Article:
Exercising Your Dog

Love Dog

 In This Chapter

  • Figuring out how much exercise your dog needs
  • Finding fun activities to do with your dogHup, Two, Three, Four: Good Manners and Basic Training, and apply them to this situation as follows:

    1. Have your dog heel with you as you push your bicycle.
    2. When he’s working well, get on your bike, but keep your feet on the ground to move it.
    3. When your dog is walking nicely at your side, get on the bike and pedal slowly.
    4. Gradually increase the speed as your dog performs well moving with you.

    Make sure your dog stays on the side of you that is away from the road. This will prevent his being hit by a car if he suddenly lunges outward. You can buy a product that will safely tether your dog to your bike. It’s a metal bar that attaches to the bike with a hook on the other end to affix your dog’s leash. This will keep your dog with you, while also keeping him a safe enough distance from the wheels.


    There isn’t a product available that will keep your dog watching you instead of wanting to socialize with the neighbors’ dog as you go by. Your mixed-breed dog must learn to remain with you regardless of distractions. This takes obedience training (see Chapter Hup, Two, Three, Four: Good Manners and Basic Training). You might want to begin with walking and running prior to bike riding, to prepare your dog for remaining with you regardless of your pace.


    While you ride your bike or run on a hard surface, your dog is running on that surface — barefoot! Without the benefit of booties your dog might injure his pads. I highly recommend a pad conditioner (just a cream that you can rub on your dog’s pads) along with some type of pad protection.


    Many dogs enjoy this game, and it doesn’t take a whole lot of effort on your part. When you develop a routine of playing fetch, you can teach your mixed-breed dog a variety of themes on the game. Here are a few suggestions:
    • Fetch a specific toy.
    • Find and fetch a toy.
    • Go find a person.
    • Fetch a toy and place it in a box.
    • Fetch two toys at the same time.
    If your dog is not into fetching, you can entice him into it. Any dog can learn to point out something, if it has positive benefits. The following steps teach your dog how to target (touch something with his nose):

    1. Take your dog’s favorite toy and place a treat on it.

    2. When he goes to get his treat, make a specific noise, such as clicking a clicker, or saying “Yes!” in an enthusiastic tone of voice.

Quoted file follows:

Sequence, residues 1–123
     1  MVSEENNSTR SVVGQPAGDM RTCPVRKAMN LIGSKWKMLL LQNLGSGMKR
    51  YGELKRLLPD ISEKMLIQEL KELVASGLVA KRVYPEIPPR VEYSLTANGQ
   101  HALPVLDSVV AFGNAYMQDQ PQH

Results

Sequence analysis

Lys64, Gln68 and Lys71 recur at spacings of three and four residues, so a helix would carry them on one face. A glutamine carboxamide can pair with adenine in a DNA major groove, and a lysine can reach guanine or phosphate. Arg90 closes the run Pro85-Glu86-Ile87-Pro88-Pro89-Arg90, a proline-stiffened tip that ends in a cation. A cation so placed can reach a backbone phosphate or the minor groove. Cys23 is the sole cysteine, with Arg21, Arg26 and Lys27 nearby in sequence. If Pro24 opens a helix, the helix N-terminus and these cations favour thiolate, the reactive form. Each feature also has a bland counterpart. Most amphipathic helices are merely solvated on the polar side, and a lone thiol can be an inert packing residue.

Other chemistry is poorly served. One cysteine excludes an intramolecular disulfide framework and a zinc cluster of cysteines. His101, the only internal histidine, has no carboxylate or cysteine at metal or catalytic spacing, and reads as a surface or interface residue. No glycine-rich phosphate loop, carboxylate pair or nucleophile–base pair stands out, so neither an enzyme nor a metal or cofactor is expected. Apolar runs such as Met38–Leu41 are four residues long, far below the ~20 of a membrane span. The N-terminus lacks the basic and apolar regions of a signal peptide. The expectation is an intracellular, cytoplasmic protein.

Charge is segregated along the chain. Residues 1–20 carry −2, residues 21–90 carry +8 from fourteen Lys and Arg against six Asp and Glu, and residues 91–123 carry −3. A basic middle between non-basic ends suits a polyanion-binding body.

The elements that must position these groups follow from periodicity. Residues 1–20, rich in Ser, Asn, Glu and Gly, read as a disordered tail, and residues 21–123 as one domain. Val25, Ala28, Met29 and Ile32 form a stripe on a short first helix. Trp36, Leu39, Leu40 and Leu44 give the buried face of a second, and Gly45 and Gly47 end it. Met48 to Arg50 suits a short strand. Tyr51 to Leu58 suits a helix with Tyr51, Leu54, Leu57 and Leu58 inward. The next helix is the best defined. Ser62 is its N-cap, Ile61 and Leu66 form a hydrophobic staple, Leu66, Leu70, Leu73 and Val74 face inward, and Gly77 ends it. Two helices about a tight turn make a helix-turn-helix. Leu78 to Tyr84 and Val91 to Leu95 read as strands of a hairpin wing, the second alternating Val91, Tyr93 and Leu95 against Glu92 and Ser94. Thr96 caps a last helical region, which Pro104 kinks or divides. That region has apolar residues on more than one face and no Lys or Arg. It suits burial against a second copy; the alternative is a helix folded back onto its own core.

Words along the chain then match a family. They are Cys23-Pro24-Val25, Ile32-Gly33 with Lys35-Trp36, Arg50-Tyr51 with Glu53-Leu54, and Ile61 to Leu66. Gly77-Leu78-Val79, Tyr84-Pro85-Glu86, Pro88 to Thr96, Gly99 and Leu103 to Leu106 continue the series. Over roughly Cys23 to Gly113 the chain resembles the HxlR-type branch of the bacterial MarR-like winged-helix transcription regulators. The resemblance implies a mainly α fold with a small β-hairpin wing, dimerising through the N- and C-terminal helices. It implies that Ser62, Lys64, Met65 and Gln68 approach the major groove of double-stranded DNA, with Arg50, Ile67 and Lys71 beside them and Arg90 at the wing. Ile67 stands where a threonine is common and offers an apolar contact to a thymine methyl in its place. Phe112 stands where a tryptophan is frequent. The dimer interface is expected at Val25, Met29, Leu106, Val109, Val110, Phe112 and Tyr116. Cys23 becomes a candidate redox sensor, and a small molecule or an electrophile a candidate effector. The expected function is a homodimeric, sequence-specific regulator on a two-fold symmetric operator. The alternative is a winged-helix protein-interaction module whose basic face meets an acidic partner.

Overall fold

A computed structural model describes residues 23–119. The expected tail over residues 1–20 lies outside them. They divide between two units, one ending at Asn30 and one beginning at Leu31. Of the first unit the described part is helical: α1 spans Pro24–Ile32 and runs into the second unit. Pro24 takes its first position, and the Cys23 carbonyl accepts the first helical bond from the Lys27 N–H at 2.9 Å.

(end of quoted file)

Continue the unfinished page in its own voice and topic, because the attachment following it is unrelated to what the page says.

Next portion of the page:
3. Repeat Steps 1 and 2 three times.

    Now your dog knows something good comes from touching that toy. He’ll go touch it without your having to put a treat on it.

    4. When your dog goes to touch the toy, the moment your dog touches the toy make the same noise as before and give him a reward.

    5. Repeat Step 4 three times.

    6. Move the toy to a new location and repeat these prior steps.

    You can play this game with any number of objects and can even turn into a retrieving game. It’s merely a matter of gradually increasing your criteria prior to giving your dog his reward. For example, you reward him for touching, and he quickly understands that concept. Next you hold out for him to actually put his mouth on the object before making that specific noise and rewarding him. Follow this with not rewarding until he actually picks up the object. In small steps, you can easily teach most dogs to accomplish any behavior you want. And your dog will love the challenge of learning to do what you’re asking.


    Hiking is similar to walking, but unlike a walk, where you’re likely in your neighborhood, on a hike, you and your dog head out into the woods or mountains. You may not be able to count on hiking every day, depending on where you live and what your schedule is like, but it can be a great addition to your dog’s exercise routine.


    Before you leave for your hike, make sure you’re familiar with the canine-related rules for the area. Most state parks require dogs to be leashed. Regardless of where you go, always have a leash with you in case your dog becomes unruly or more interested in chasing squirrels than listening to you.